FIG. 4 illustrates an exemplary podcast setup page 400 of a podference system, in which a user can set up a podference series. The user can enter a title and a description of the series, which are associated with the audio file in the database to create the podference podcast. The podcast setup page 400 enables a user to add participants, make edits to a title and/or description of a series, or delete the series or any information related to the series. RSS feeds are created when users set up their series and schedule calls for each episode. Audio then gets dropped into the appropriate RSS feed. All users get an update with the latest audio via podcasting.

FIG. 5 illustrates a synchronizing function from the podcast setup page 400 to a podcatcher application 500 such as iTunes. If a digital audio player device, such as an iPod, is available, the audio will automatically synch to it. The title and description that were entered into the podcast setup page 400 automatically carry over to the podcatcher application 500 to be displayed there, as illustrated in FIG. 5.

FIG. 6 shows a user setup page in which a user can enter user information. FIG. 7 shows an account settings page or window in the user information can be displayed, and account settings can be configured. For instance, a user can specify whether episodes of audio files can be made available to the user or other users as soon as possible, or once the user has approved of the audio.

FIGS. 8-11 are flowcharts of various methods for podcasting recorded teleconferences. Each method include producing audio files, archiving the audio files, distributing the archived audio files, and consumption of the archived audio files by one or more various parties via a particular podcasting channel or player system.

With reference to FIG. 8, there is shown a flowchart of a podcasting method 800 for podcasting teleconference audio content. At 802 a teleconference bridge line is established. The bridge line is a dedicated telecommunications connection to which a number of participants and moderators can be connected. At 804, the teleconference (i.e. “the call”) is recorded from the bridge line, and stored on a bridge server or other telecommunications server at 806. At 808, a file transfer automated program, or “bot,” transfers or pulls the stored audio from the bridge server to a podcast server, where it is converted into a new digital audio format conducive to a digital audio player and for storage.

At 810, the digital audio is stored in its new format, and at 812 converted to a format that is ubiquitously and easily disseminated, such as MP3. At 814, the audio is renamed, and can be tagged with various other metadata that is associated with the stored audio, and which can be searched for in a query. At 816, the stored audio content is moved to a client folder. At 818, the audio is embedded into a client RSS feed for distribution to a number of recipients. At 820, the audio is distributed in a podcast, i.e. packaged and transmitted in a downloadable digital audio format that can be locally stored on a digital audio player device or similar player, and played-back at the convenience of the recipient.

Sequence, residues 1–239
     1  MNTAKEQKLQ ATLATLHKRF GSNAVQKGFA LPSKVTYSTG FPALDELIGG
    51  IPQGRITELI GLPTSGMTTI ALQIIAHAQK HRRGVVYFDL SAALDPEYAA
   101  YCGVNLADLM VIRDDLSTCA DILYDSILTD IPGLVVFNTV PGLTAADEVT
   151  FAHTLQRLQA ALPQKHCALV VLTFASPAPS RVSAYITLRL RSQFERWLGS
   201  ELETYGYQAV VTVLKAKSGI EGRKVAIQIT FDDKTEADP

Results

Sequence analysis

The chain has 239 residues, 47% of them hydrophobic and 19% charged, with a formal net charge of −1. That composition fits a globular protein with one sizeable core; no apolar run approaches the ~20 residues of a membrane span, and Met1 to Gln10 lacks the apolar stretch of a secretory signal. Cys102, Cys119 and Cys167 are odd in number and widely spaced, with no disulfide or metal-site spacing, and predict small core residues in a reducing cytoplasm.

At 822-828, the audio content is consumed. The podcast containing the audio content can be consumed at a content site and/or media player (822), one or more private digital audio players (824), one or more web-based feed players (826), and/or an RSS player in any device, such as computer, PDA, mobile phone, or other device.

FIG. 9 is a flowchart of a podcasting method 900 for podcasting teleconference audio content. At 902 a teleconference bridge line is established, and the teleconference (i.e. “the call”) is stored on a bridge server or other telecommunications server at 906. At 908, a file transfer automated program, or “bot,” transfers or pulls the stored audio from the bridge server to a podcast server, where it is converted into a new digital audio format conducive to a digital audio player and for storage.

At 910, the digital audio is stored in its new format, and at 912 converted to a format that is ubiquitously and easily disseminated, such as MP3. At 914, the audio is renamed, and can be tagged with various other metadata that is associated with the stored audio, and which can be searched for in a query. At 916, the stored audio content is moved to a client folder. At 918, the audio is embedded into a client RSS feed for distribution to a number of recipients. At 920, the audio is distributed in a podcast, i.e. packaged and transmitted in a downloadable digital audio format that can be locally stored on a digital audio player device or similar player, and played-back at the convenience of the recipient.

At 922-928, the audio content is consumed. The podcast containing the audio content can be consumed at a content site and/or media player (922), one or more private digital audio players (924), one or more web-based feed players (926), and/or an RSS player in any device, such as computer, PDA, mobile phone, or other device.

FIG. 10 shows a flowchart of a podcasting method 1000 for podcasting teleconference audio content, and which is suitable for a customer relationship management (CRM) system. At 1002 a teleconference bridge line is established. The bridge line is a dedicated telecommunications connection to which a number of participants and moderators can be connected. At 1004, the teleconference (i.e. “the call”) is recorded from the bridge line, and stored on a bridge server or other telecommunications server at 1006. At 1008, a file transfer automated program, or “bot,” transfers or pulls the stored audio from the bridge server to a podcast server, where it is converted into a new digital audio format conducive to a digital audio player and for storage.